Steven is stretching himself too thin and letting others take up too much of his time. As Sunstone declares to the camera, “It’s cool to want to help people, but it’s also cool to just say you’re too busy.” The extremely online among you may be reminded of a controversial Twitter thread from a few months ago.
Steven’s bad habits come up against a brick wall: not everyone wants to be rescued. In the first episode, he tries to enroll old enemy Jasper into Little Homeschool, to no avail. Initially, it seems like the episode will be about Jasper coming around. Instead, it’s about Steven realizing not everyone will change their worldview.
The same is true of Aquamarine and Eyeball. Though they’re essentially punch-clock villains that pose no real threat, Steven is still distressed that they won’t turn good. A similar situation plays out when we meet a couple of Lapis Lazulis who terraform planets. When Steven makes his appeal to them, one enrolls in Little Homeschool, but the other doesn’t. This is the sort of nuanced approach to redemption stories that Steven Universe honestly could have done with a little earlier.
The most dangling of all these loose threads is Rose’s legacy. Steven’s mother essentially has a redemption arc in reverse. Like an evil River Song, we start at the end of Rose’s story and work backwards, more and more being gradually revealed about her mysterious past. io9′s Charles Pulliam-Moore is on the button when he writes that Pink Diamond was the villain of the decade. “Change Your Mind” is a big breakthrough for Steven, but the discovery of other Rose Quartzes in “Rose Buds” shows that he and the other Crystal Gems are deeply, incredibly not over it, and “Volleyball” goes even further, revealing one more terrible act of evil violence that Rose committed.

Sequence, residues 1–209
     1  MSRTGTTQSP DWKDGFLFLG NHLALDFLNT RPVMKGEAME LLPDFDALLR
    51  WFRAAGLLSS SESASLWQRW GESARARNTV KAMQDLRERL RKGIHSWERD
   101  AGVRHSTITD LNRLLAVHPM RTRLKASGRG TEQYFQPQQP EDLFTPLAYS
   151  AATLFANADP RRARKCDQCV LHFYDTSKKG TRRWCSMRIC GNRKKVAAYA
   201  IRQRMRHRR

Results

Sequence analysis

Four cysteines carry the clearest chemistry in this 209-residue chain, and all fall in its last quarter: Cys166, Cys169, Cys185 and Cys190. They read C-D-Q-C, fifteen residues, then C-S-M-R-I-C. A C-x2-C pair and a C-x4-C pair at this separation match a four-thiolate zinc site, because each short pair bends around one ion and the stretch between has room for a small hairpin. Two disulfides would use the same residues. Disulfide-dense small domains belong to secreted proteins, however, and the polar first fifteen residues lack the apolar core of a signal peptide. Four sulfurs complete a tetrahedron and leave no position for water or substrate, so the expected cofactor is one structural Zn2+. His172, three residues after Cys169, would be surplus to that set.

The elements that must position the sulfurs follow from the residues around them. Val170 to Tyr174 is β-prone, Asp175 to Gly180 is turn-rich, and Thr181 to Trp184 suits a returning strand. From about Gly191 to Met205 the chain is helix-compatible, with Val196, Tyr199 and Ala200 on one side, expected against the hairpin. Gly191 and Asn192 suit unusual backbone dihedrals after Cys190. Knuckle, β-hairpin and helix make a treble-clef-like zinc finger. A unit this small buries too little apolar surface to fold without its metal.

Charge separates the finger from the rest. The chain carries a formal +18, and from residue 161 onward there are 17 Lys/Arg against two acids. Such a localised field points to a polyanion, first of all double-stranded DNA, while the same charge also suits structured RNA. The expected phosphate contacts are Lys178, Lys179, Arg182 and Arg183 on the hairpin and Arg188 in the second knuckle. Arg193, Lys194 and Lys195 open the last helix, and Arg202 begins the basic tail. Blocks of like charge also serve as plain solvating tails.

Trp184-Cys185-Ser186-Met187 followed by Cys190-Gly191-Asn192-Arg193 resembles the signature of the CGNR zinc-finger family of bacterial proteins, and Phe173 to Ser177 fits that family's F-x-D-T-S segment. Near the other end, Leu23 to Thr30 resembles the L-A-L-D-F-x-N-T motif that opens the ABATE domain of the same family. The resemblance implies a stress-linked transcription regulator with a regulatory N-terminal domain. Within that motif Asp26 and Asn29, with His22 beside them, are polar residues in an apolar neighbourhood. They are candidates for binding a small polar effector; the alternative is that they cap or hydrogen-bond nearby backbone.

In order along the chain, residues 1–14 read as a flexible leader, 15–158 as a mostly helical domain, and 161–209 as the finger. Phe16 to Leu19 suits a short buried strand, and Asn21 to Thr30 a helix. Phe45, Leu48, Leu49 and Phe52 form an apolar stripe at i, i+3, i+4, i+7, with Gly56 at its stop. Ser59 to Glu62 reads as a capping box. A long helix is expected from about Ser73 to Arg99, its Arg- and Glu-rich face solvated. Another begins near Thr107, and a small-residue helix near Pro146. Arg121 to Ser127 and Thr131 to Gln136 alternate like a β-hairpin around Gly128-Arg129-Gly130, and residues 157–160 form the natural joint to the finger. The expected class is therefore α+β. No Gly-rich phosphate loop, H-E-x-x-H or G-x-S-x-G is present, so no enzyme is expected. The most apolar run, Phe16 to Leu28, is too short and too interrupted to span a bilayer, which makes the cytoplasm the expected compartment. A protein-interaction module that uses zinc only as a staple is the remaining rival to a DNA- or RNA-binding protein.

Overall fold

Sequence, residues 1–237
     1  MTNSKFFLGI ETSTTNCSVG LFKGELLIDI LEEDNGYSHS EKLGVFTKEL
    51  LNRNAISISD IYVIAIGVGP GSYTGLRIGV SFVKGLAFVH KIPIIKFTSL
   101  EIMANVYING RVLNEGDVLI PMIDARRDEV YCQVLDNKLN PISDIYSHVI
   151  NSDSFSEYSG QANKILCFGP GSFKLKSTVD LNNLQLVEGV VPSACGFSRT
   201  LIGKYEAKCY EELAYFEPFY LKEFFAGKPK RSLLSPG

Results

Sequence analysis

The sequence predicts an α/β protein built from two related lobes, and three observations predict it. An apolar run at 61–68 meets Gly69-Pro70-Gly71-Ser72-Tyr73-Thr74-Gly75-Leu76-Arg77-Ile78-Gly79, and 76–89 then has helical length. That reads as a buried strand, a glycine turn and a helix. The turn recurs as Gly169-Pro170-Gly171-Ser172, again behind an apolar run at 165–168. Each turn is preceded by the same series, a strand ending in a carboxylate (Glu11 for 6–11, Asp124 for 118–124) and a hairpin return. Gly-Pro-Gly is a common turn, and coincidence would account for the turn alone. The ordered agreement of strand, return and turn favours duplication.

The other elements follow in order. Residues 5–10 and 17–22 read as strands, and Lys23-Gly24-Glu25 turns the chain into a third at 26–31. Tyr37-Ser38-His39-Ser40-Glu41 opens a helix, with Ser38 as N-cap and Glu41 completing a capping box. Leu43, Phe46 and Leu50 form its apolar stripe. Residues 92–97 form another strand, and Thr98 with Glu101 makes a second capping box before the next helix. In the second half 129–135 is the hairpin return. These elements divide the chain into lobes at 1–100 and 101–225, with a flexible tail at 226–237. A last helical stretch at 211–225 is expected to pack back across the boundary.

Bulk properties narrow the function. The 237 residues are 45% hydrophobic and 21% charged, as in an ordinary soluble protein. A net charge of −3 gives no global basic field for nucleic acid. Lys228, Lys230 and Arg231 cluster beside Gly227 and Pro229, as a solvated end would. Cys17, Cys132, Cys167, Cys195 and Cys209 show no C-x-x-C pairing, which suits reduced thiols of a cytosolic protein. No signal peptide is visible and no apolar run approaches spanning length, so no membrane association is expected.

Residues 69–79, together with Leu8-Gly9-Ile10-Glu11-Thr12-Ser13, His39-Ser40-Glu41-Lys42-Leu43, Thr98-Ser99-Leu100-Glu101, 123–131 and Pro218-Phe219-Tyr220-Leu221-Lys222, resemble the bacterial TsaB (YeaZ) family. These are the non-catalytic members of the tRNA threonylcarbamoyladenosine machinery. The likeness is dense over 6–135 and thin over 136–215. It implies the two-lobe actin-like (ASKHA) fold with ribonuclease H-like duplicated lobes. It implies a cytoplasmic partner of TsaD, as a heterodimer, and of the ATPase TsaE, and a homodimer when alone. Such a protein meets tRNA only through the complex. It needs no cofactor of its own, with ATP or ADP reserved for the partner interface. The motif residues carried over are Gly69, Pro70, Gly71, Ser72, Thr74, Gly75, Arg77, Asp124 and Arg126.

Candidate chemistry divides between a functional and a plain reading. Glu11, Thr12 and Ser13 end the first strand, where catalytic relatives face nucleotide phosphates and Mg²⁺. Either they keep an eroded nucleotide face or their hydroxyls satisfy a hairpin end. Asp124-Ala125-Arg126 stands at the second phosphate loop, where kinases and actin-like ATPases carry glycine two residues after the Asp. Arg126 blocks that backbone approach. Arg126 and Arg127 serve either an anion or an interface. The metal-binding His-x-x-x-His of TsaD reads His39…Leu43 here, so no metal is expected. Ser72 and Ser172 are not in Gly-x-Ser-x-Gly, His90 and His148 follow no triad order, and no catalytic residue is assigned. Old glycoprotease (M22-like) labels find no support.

Of course, there are limits to how the show approaches this. Avid Mary Sue readers will know that the ever-essential Shiri Eisner wrote about how the show skipped over the whole process of decolonization. Once the Diamonds decided to stop being mean, all the planets they colonised could simply … relax and be happy, apparently.
Initially, I forgave the decision to skip over decolonization. After “Change Your Mind” fumbled the Diamonds’ redemption, I was relieved to see The Movie return to character drama with less political baggage. Now that I’ve seen the ambition of Future, especially with how it depicts Homeworld characters like Jasper, I share Eisner’s frustration.
Despite the missed opportunity, this is a compelling epilogue and a much more interesting ending for the franchise than a montage of planets celebrating and setting off fireworks, Star Wars-style. Future comes highly recommended.
And remember: If anyone ever tells you that there’s only one kind of story, they’re probably trying to sell you something.
(images: Cartoon Network)
Want more stories like this? Become a subscriber and support the site!
—The Mary Sue has a strict comment policy that forbids, but is not limited to, personal insults toward anyone, hate speech, and trolling.—
Have a tip we should know? [email protected]